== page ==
The US Food and Drug Administration (FDA) has formally granted clearance to a testing device intended to be used to diagnose patients with the Ebola virus under special, emergency circumstances.
In March 2013, FDA was given a host of new authorities and responsibilities under the Pandemic and All-Hazards Preparedness Reauthorization Act ( PAHPRA), a piece of legislation meant to bolster the government's ability to respond to health crises, and especially those of a biological nature.
Among the law's many provisions is one that allows FDA to temporarily authorize a medical product ("Emergency Use Authorization") if it determines that an emergency is likely to occur—a "threat justifying emergency authorized use," to quote the legislation. That is a big change from prior legislation, which required a finding that such an emergency already existed in the US, and left little time for proactive efforts.
The law also allows FDA to authorize those products without first ensuring that they meet current good manufacturing practice (CGMP) regulations, which makes it easier to bring products to market without the usual regulatory burdens.
Since the law's March 2013 passage, FDA has approved a small handful of medical products—all diagnostic tests intended to allow health officials to diagnose emerging diseases like the H7N9 influenza virus and the Middle East Coronavirus (MERS CoV).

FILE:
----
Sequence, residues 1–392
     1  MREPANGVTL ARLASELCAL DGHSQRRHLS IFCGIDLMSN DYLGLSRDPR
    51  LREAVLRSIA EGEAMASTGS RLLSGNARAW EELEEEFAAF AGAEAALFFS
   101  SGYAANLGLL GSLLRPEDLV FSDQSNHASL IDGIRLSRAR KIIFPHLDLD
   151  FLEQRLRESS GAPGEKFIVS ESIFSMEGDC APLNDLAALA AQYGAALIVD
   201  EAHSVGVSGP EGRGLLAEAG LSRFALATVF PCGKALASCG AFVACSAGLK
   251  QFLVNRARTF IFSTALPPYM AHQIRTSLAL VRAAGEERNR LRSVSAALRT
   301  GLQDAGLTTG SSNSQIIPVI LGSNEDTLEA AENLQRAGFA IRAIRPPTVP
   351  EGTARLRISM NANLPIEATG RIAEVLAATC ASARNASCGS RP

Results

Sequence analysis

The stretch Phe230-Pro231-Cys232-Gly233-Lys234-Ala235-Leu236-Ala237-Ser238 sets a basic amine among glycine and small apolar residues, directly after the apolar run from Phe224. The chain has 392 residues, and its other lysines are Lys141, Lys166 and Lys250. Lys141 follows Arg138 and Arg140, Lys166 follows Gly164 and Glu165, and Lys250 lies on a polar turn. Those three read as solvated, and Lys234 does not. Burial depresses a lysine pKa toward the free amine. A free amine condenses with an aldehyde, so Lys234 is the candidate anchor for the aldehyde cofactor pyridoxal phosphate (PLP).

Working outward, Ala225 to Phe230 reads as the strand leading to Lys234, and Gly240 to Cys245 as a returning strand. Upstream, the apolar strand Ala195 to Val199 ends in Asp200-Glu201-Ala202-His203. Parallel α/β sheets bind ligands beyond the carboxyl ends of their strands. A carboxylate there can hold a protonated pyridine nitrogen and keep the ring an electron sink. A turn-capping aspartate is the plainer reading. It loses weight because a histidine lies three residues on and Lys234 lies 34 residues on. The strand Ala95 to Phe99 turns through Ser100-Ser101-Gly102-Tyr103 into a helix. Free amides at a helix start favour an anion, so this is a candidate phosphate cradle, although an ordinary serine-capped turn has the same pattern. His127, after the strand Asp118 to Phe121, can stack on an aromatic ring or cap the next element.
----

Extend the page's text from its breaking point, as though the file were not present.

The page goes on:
But in August 2014, in the face of a burgeoning outbreak of Ebola Zaire, a hemorrhagic fever, across West Africa, the US government for the first time used its authority under PAHPRA to start preparing for Ebola.
On 5 August 2014, the US Department of Health and Human Services (DHHS) announced that it had determined that "the Ebola virus presents a material threat against the US population sufficient to affect national security," thereby allowing FDA to authorize the use of a diagnostic device for Ebola Zaire, the Department of Defense's EZ1 Real-Time RT-PCR Assay ("TaqMan").
While FDA granted de-facto approval to the device immediately in a letter to the Department of the Army's Division of Regulated Activities and Compliance, it has now granted formal emergency authorization to the same device through the Federal Register.
In an announcement on 16 September 2014, FDA said the authorization will "help assure that medical countermeasures may be used in emergencies to diagnose, treat, or prevent serious or life-threatening diseases."
There are "no adequate, approved [or] available alternative" devices to detect Ebola, FDA noted, saying that the "totality of the scientific evidence available to FDA" supports the emergency authorization of the Army's TaqMan Assay.
As a condition of authorization, the device must be distributed along with a "Fact sheet" for healthcare providers and patients, but will be exempt from CGMP manufacturing standards and other labeling requirements ordinarily mandated for FDA-approved or –cleared devices. The Army will, however, be required to report adverse events to FDA and report false positive and false negative results as well.
FDA Federal Register Notice